Contrarily, any move by funds to a broader investment strategy in larger stocks it is feared could also entail greater risks, due to the correlation between these stocks and the markets of Asia and the US.

"The problem until now has been a lack of specialised European small caps managers, and with the increasing demand for small caps as possibly the best low risk diversity for investors, this could cause problems. Consultant help can be enlisted, but Dutch investors are really clamouring for more information on what will be the new 'ball game' in European small caps," Van Rijk explains.

Stefan de Maar, equity portfolio manager at Detam Pensioen Services which manages the pension fund for the Utrecht-based Dutch retail industry employees, says the last nine months have seen a gradual reduction of the fund's overweight position in the Netherlands in favour of European equity investment.

"Historically the overweight position in Dutch equity has been partly caused by sentimental factors as well as the fact that our liabilities are also in Dutch guilders. As a result, we made the first step towards transforming our asset allocation in preparation for the euro by moving from Dutch government bonds to Dutch equity, because moving straight into international equity would have been too great a step for our clients," de Maar says.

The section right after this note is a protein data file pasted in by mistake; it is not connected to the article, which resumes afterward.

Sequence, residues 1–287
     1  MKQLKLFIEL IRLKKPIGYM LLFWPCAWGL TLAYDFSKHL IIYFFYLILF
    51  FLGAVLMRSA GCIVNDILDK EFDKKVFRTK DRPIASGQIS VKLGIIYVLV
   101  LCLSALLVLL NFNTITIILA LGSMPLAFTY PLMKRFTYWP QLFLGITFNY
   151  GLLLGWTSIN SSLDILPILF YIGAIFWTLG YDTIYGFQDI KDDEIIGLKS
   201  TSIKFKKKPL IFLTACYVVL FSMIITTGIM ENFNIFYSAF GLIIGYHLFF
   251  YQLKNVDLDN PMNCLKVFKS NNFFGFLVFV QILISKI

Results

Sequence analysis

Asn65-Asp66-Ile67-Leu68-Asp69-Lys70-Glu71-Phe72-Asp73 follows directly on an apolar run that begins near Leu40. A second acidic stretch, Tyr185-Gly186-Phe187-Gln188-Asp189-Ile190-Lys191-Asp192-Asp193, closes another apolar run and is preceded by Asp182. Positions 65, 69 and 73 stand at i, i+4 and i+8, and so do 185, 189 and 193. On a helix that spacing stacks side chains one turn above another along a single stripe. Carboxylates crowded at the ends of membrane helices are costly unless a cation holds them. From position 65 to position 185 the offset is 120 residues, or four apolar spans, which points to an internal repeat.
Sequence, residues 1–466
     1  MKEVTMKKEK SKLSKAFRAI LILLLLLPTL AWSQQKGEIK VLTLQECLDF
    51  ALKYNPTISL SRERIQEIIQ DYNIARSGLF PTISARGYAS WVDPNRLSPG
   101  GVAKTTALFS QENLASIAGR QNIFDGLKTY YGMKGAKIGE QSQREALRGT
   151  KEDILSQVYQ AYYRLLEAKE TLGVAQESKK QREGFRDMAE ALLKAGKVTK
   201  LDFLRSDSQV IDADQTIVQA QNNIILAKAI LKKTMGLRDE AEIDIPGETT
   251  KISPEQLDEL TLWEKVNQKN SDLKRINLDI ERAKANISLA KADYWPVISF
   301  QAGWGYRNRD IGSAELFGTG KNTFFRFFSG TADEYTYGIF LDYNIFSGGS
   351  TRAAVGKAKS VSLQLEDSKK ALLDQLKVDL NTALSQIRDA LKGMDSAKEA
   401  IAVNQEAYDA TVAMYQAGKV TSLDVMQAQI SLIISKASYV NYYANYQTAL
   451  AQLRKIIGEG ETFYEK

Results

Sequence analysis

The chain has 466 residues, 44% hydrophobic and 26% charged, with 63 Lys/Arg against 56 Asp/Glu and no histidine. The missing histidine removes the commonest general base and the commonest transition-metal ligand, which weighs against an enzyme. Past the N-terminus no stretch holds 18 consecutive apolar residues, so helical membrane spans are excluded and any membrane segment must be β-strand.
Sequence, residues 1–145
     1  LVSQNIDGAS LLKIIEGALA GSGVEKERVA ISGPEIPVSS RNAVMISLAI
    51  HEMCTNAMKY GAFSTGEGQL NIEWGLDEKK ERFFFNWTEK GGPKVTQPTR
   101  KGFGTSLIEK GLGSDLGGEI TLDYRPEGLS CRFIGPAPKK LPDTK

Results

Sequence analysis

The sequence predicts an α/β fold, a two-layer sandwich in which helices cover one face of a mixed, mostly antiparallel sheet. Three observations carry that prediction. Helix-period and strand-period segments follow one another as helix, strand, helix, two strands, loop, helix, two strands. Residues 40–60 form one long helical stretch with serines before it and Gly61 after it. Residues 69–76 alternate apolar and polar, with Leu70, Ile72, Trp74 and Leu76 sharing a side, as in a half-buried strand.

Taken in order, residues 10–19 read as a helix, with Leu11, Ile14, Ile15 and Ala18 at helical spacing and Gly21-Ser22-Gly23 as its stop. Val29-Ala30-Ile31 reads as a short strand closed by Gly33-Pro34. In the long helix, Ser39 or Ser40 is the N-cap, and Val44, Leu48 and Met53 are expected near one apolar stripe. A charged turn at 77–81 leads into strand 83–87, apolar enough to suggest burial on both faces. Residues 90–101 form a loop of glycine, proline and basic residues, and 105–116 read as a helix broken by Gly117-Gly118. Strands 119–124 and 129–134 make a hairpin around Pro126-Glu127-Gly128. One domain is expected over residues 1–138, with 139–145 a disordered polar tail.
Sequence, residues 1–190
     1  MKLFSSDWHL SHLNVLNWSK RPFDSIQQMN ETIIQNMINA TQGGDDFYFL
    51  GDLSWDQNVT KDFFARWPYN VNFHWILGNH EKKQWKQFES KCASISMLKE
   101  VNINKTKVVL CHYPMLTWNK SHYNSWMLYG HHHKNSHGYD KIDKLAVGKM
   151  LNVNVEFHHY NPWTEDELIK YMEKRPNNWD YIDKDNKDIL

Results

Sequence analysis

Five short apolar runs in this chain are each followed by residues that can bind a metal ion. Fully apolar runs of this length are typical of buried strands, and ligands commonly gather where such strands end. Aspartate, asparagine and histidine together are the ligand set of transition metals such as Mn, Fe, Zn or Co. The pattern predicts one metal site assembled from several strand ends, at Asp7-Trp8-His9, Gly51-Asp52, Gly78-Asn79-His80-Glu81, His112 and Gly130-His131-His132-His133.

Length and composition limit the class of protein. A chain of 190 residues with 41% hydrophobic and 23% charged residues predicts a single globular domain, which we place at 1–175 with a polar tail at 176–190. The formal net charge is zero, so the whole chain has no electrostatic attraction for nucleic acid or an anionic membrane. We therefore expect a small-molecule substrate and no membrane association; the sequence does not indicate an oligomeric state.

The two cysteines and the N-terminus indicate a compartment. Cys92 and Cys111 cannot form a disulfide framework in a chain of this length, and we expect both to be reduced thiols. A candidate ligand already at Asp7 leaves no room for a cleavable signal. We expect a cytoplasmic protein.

He cites the main reasons for the equity shift though as diversification and the growing equity culture outside the country that makes such a move possible.

On the bond side, he says, the restructuring process towards European bonds which had already been under way for two years, has undoubtedly accelerated, with investment in all Emu countries except Denmark. And from next year he expects this expansion to begin moving further outside the eurozone in pursuit of diversification, convergence and higher yields.